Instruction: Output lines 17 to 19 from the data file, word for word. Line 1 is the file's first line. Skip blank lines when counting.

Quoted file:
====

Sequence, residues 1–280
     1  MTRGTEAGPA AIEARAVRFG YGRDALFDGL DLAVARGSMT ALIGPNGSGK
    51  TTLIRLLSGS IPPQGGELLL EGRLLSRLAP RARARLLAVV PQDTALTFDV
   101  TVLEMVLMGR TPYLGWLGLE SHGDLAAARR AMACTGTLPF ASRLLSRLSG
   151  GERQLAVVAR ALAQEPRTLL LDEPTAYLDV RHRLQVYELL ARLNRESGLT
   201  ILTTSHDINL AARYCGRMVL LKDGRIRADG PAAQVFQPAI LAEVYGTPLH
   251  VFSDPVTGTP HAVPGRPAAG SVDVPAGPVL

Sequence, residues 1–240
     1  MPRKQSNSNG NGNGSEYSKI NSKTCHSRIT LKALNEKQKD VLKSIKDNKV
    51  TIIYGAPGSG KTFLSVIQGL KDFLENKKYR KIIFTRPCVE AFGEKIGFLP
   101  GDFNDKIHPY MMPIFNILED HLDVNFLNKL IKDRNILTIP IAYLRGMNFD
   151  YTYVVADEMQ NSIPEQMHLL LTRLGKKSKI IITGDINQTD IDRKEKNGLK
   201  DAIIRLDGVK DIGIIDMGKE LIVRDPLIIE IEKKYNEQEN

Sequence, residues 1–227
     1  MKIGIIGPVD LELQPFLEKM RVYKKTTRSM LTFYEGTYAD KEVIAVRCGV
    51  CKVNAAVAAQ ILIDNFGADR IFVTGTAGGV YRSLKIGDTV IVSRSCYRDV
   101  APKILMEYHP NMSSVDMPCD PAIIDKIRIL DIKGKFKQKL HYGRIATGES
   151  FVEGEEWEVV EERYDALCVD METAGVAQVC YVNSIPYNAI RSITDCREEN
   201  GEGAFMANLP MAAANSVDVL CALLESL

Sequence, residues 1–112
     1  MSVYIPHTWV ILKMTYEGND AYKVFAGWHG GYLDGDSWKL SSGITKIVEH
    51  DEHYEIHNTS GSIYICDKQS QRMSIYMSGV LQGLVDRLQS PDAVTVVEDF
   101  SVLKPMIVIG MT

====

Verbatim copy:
   101  APKILMEYHP NMSSVDMPCD PAIIDKIRIL DIKGKFKQKL HYGRIATGES
   151  FVEGEEWEVV EERYDALCVD METAGVAQVC YVNSIPYNAI RSITDCREEN
   201  GEGAFMANLP MAAANSVDVL CALLESL